Last night we went with our neighbors and their friends from Eugene to Chapman School to watch the swifts fly down into the immense brick chimney to roost for the night."Swiftwatching" is an utterly wierd, utterly Portland thing, where upwards of 2,000 people gather on the hill above the school, in the playing fields and along the streets to watch 40,000, six-ounce birds whirl around and around before descending into their nightroost like a living tornado. Livening this vortex is the occasional raptor. Last night it was one of the peregrines (probably from the nearby Fremont Bridge nest) who barged into the party, hacking and missing her prey in the iddle of the living storm.
Portlanders, being Portlanders, gasp and roar when the falcon arrives and cheer when she departs swiftless, the little insectivores being the crowd favorite. Everyone claps and cheers when the last little traveler drops into the chimney.
It's a lovely, and very odd, scene. Here's a little clip from the Oregon Public TV show "Oregon Field Guide" talking about the swifts and Chapman School:We've done this before and it's always been fun, but last night we did something we'd never done and that was join the crowd of kids (and some adults) slopesurfing on cardboard sheets down the dry grass slope behind the school.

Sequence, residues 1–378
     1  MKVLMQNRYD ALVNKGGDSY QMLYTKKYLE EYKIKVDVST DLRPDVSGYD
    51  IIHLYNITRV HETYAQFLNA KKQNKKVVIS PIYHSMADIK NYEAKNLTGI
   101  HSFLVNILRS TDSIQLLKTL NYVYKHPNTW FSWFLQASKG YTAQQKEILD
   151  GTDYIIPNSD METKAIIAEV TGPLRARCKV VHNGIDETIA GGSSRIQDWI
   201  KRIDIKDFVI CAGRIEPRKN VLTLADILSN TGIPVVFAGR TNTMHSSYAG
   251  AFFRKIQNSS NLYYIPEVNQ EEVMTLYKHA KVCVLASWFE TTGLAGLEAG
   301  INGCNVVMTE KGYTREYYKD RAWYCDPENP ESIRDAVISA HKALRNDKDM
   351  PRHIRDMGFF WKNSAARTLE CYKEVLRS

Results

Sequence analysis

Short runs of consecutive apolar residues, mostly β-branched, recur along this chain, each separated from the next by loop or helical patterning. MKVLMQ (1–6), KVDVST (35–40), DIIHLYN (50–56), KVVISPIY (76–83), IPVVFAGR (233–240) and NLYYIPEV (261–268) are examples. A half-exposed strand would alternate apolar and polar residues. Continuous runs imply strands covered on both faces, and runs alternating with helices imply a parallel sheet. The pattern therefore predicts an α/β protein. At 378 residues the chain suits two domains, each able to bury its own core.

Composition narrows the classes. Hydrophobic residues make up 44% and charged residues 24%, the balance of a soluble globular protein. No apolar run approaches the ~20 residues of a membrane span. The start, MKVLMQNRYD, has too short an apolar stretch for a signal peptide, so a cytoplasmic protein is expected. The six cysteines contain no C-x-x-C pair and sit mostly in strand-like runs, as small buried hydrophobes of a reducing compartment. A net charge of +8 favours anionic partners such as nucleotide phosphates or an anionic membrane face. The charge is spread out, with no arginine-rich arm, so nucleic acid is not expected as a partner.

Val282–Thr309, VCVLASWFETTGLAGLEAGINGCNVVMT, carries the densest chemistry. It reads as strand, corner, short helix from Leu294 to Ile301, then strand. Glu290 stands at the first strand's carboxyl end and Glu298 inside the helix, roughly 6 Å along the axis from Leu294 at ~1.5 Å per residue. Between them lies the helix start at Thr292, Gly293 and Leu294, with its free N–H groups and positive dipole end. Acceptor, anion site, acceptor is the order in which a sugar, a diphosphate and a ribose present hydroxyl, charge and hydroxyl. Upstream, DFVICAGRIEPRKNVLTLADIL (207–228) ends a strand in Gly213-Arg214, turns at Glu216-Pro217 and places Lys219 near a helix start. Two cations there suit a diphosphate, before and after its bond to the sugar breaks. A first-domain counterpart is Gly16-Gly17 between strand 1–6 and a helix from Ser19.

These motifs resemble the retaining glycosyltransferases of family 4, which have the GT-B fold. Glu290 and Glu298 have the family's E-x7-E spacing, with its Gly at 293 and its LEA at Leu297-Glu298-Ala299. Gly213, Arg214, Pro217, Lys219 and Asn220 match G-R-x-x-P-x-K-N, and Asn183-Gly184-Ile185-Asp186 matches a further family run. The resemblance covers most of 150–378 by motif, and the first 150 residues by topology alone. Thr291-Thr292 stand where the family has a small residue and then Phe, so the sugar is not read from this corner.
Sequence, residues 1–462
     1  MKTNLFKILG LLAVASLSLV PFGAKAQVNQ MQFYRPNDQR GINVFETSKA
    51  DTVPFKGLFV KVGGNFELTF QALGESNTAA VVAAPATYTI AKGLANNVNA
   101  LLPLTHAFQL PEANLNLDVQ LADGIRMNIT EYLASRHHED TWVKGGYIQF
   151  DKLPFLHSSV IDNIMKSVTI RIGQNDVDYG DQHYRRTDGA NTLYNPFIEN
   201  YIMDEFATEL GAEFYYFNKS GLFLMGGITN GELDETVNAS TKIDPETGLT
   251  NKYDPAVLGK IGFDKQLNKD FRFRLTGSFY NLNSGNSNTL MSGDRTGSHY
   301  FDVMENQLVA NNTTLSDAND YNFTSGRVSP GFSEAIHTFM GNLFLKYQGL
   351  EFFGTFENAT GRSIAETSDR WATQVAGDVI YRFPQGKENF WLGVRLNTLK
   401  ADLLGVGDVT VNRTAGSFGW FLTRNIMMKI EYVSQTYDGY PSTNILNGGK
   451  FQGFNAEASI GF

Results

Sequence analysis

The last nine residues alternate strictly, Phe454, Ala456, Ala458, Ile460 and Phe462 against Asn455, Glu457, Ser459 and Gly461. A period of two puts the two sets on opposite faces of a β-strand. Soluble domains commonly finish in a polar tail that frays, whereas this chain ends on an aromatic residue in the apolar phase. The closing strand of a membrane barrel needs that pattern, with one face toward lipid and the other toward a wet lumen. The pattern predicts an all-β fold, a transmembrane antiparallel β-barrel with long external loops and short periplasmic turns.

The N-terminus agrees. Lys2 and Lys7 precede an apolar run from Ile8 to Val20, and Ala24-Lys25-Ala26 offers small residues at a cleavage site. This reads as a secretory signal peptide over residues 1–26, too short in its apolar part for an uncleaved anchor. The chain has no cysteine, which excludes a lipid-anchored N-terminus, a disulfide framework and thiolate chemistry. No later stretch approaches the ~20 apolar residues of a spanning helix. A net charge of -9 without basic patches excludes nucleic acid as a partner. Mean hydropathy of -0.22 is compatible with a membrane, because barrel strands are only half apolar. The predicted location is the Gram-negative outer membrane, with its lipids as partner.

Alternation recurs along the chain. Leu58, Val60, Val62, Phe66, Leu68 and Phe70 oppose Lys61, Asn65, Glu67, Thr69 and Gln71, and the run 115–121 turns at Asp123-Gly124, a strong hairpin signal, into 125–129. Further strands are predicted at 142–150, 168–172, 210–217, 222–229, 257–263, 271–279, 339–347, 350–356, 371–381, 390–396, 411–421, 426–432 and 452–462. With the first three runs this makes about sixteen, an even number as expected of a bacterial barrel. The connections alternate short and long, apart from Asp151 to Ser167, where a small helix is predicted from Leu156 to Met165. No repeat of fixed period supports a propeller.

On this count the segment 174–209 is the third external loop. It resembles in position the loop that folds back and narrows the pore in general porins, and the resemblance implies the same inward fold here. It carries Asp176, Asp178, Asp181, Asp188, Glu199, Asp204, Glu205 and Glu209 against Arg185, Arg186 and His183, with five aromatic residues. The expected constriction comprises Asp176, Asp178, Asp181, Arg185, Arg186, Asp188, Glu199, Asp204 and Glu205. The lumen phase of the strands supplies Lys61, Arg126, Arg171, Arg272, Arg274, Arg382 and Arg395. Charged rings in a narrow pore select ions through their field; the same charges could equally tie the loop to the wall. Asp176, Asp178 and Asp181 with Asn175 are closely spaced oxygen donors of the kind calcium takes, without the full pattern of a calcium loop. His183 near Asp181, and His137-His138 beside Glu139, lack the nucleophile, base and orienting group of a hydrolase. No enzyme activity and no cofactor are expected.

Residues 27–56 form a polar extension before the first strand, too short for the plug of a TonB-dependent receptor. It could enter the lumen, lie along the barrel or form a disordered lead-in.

Initially I was terrified that tiny Missy would 1) be frightened by the mob of people sliding, running, laughing and shrieking, cannoning about in a crazy rush, 2) get run over and hurt, or 3) not enjoy the fun. But instead she took to it like a Scotsman to whisky, shrieking "mine! mine!" (which is Missy for "more") as we hustled back up the hill with our cardboard sheet. She slid like an X-Games pro on her tummy, her obsidian bowl of hair and little dress every which way until the cardboard stopped. And then she kept on going, rolling as far as she could go to the bottom, shouting with laughter. The Peeper, an oldtimer at such games, kept trying to find the place to go further and faster, eventually leading me to the far edge of the slope where the grass was "slipperier", or so he said.
Finally with full night we collected towels and binoculars and Peeper's sheet of cardboard (which was the cause of a teary tantrum on the way back to the car, as he claimed was part of his uncarryable burden on that three-block Death March; but upon being asked to leave the Obscure Object of Desire wailed "I will NEVER leave it! I love it forever!!". Sigh...) and drove home to North Portland, leaving a hillfull of Portlanders, young and old, still sliding and laughing and playing in the dark.